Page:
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Friday, July 12, 2013 11:34 pm

Top cop wore tasteless tee

Details on Cliff Buscher’s arrest

Cliff Buscher, following his arrest

Updated with reaction from Mayor Mike Houston, city council, 12:43 p.m. 7/12/13

Springfield deputy police chief Clifford Buscher was wearing a t-shirt with a racially charged message when he was arrested in Missouri in 2008 after drunkenly firing a gun while on a fishing trip with three other officers.


A mug shot of Buscher taken after his arrest shows him wearing a t-shirt that has a depiction of the Chicago skyline with the words “Hooked On Ebonics, Git Wit Da Program.” Buscher was arrested after other officers called Taney County sheriff’s deputies because Buscher was firing his service pistol into Lake Taneycomo at the Edgewater Beach Resort where police officers were staying during incident that occurred in the wee hours of March 28, 2008.

Children were present, according to a report written by a Taney County sheriff’s deputy who responded to the call at 1:41 a.m. Nearly two hours later, testing showed that Buscher had a blood-alcohol content of .094 percent, above the legal driving limit of .08 percent.

Buscher’s mug shot shows a wound above his left eye covered in gauze. Buscher told a deputy that Doug Williamson, a fellow officer, had punched him several times but that he did not wish to pursue assault charges.

Buscher was originally charged with unlawful use of a weapon, a felony. Prosecutors reduced the charge to pleaded guilty to peace disturbance, a misdemeanor, and Buscher received probation and a fine. Buscher, who is considered by many to be a candidate to become the next police chief after chief Robert Williams retires, was suspended after an internal affairs investigation. He could not be reached for comment.

The Springfield internal affairs file on the incident was apparently one of dozens of police disciplinary files shredded last spring after it was requested by Calvin Christian III under the state Freedom of Information Act. The Illinois State’s Attorneys Appellate Prosecutor’s Office is investigating to determine whether any criminal laws were broken when the documents were destroyed. Williams, who ordered the shredding, has told the council that the files were destroyed as a matter of efficiency.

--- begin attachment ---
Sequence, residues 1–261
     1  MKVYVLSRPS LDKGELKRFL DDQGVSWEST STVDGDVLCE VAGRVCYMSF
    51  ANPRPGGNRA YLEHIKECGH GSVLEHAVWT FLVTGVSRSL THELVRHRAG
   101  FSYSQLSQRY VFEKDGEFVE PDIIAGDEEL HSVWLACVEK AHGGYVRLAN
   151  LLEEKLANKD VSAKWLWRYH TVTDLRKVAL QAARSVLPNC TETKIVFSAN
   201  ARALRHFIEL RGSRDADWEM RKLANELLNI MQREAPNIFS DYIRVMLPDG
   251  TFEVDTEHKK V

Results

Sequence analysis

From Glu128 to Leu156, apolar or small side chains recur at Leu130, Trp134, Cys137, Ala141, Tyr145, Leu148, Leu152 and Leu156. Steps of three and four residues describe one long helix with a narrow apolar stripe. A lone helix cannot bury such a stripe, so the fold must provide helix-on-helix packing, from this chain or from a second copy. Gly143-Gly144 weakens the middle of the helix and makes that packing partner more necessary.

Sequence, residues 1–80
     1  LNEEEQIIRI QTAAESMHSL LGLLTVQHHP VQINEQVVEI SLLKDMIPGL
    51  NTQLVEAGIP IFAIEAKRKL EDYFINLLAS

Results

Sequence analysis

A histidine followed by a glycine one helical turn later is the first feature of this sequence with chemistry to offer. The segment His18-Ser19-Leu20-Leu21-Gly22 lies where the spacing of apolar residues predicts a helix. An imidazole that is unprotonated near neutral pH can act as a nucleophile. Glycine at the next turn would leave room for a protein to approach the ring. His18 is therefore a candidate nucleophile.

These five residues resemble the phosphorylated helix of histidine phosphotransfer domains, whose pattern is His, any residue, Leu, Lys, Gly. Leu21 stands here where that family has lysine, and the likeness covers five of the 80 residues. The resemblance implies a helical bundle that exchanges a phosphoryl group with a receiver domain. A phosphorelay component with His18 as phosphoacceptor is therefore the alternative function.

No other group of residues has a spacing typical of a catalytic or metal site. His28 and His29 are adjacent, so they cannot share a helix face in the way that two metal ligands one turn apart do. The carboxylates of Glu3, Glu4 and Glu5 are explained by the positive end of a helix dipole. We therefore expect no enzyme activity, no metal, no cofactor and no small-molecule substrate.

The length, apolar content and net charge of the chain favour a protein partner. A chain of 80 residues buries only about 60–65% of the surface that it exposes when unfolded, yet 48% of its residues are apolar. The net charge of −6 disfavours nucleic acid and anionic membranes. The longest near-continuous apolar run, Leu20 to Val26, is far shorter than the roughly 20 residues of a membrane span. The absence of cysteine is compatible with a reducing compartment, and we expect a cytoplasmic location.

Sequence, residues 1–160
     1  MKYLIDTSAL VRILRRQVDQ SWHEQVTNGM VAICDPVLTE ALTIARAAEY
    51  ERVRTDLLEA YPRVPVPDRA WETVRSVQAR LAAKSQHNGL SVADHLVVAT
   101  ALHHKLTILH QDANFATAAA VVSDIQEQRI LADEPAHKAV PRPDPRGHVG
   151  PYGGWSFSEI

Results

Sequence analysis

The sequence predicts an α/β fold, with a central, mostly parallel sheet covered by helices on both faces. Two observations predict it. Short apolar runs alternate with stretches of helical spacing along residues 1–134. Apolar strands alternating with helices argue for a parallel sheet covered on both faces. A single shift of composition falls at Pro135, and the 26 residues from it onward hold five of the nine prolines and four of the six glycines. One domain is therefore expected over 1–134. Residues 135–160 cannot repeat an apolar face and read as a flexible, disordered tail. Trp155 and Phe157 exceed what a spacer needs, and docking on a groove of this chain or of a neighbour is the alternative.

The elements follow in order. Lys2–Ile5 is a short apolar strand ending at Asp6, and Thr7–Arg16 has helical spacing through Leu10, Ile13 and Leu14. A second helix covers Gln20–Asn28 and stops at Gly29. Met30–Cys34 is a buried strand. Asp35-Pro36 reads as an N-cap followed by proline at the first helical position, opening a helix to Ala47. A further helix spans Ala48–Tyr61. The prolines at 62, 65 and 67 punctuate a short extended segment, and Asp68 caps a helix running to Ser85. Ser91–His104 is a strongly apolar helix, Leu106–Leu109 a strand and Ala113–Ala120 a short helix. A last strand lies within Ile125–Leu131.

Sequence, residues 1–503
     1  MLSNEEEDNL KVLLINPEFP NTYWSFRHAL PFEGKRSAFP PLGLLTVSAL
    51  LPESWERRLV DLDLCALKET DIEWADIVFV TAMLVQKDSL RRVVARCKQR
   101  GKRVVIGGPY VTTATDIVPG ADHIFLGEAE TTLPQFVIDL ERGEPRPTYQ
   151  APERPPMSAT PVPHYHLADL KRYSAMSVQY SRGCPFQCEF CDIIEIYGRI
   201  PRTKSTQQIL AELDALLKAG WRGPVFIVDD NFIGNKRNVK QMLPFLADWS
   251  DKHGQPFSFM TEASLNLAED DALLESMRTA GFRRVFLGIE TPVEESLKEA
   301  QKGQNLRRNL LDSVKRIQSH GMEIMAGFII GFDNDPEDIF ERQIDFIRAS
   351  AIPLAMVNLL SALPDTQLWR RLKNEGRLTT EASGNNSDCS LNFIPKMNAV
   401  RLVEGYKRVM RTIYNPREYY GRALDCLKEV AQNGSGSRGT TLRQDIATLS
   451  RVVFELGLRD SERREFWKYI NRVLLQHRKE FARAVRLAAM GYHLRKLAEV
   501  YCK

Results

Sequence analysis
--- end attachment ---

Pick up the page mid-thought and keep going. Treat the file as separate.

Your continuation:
Mayor Mike Houston noted that the incident occurred before he was elected, and he defended Buscher in an written response to an interview request.

"Deputy chief Buscher has done an outstanding job since I assumed office," Houston wrote in an email. "Both Chief Williams and myself believe he has done a good job of turning around the criminal investigation division (in the police department). As a result of the incident, I believe he is a changed man. Alcohol was involved in the incident, and he has not had any since the incident."

Williams refused comment. Told the nature of the call, the person who answers phones in the chief’s office said that Williams wanted city spokesman Nathan Mihelich to answer questions.

Ward 1 Ald. Frank Edwards said that he saw the mug shot of Buscher within the past two weeks. Edwards, who had sponsored an unsuccessful council resolution aimed at prohibiting further shredding of documents unless authorized by the Local Records Commission, as proscribed by state law, said that he was surprised that Buscher would wear such a t-shirt.

Is someone who would wear something like that qualified to be Springfield’s police chief?

“I don’t believe so,” Edwards answered.

Ward 8 Ald. Kris Theilen said that Buscher has told him directly that he doesn't want Williams' job.

"I actually asked him point-blank about that," Theilien said. "He is not interested. As far as he is concerned, he hopes Bobby is not retiring."

Theilen said that a person has a right to wear what they want on their own time.

"I'm sure people are going to hang me for this," Theilen said. "People have poor taste in choosing what they do and say and wear all the time. I believe that's a person's right."

However, Theilen said he did not know what he would say about the shirt to a person of color who believed that they had not gotten a fair shake from Springfield police.

"Honestly, I don't know that I can answer that question," Theilen said. "I know many people in the minority community have faith in Cliff Buscher." 


Contact Bruce Rushton at brushton@illinoistimes.com.

Click to read the arrest report: http://www.illinoistimes.com/Springfield/file-160-.pdf

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